Look forward to higher wages in Singapore

IT professionals in the island state are in a "very strong position" to negotiate for better pay, according to recruitment firm.

There has "never been a better time" for job-hunting IT professionals in Singapore, according to Sapphire Technologies.

Richard Talbot, general manager of the IT recruitment firm, said IT professionals in the country are likely to be able to command higher pay in their next roles, due to the shortage of skilled workers and the low unemployment rate here, which is steady at 2 percent.

The country's strong banking and finance sector is also helping to push salaries upward; banks are continuing to invest in the country in spite of financial troubles in the United States and Europe, added Talbot in a statement Thursday.

He said: “IT professionals with strong banking experience, especially those with investment banking experience, can expect continuing demand for their skills."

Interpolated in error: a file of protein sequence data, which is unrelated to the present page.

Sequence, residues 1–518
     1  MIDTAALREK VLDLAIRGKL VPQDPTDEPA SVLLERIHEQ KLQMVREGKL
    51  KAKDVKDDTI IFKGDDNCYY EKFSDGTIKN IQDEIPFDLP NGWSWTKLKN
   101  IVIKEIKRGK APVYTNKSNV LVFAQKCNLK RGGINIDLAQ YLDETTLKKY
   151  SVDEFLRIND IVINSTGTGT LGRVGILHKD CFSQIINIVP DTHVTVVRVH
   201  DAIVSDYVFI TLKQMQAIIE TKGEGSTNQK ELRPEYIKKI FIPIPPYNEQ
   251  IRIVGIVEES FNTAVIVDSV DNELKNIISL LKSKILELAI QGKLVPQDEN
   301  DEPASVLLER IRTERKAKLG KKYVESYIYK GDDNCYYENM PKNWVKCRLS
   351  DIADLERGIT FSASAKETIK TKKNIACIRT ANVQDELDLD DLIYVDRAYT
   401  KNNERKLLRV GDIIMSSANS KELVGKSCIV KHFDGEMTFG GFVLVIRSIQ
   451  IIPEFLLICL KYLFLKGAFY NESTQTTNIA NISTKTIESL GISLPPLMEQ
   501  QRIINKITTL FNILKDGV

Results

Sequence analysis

The logistics sector is also posting demand for IT professionals, according to Sapphire.

The downside for employers during this climate is the inevitable rise in expected wages when hiring new staff now, noted Talbot.

"Looking ahead, IT workers will be in a very strong position to negotiate what they want from their employer,” says Talbot.

According to recruitment firm Robert Walters, the average salary of IT professionals in Singapore went up by 10 to 20 percent last year. There were scenarios where some candidates' wages increased by over 40 percent, said Robert Walters.

Additionally, contract-based employment may pose a viable alternative for some, according to recruitment agency, Hudson, which told ZDNet Asia recently that contracts allow both employer and employee to evaluate each other first before committing, while also paying contract employees significantly more than permanent staff in terms of base salary.

However, things may not be rosy for a long time. Hudson published a report in April on the effects of a recession on companies' hiring activities--58 percent of respondents in Singapore said they would reduce hiring activities in the second quarter of 2008 in the event of a recession.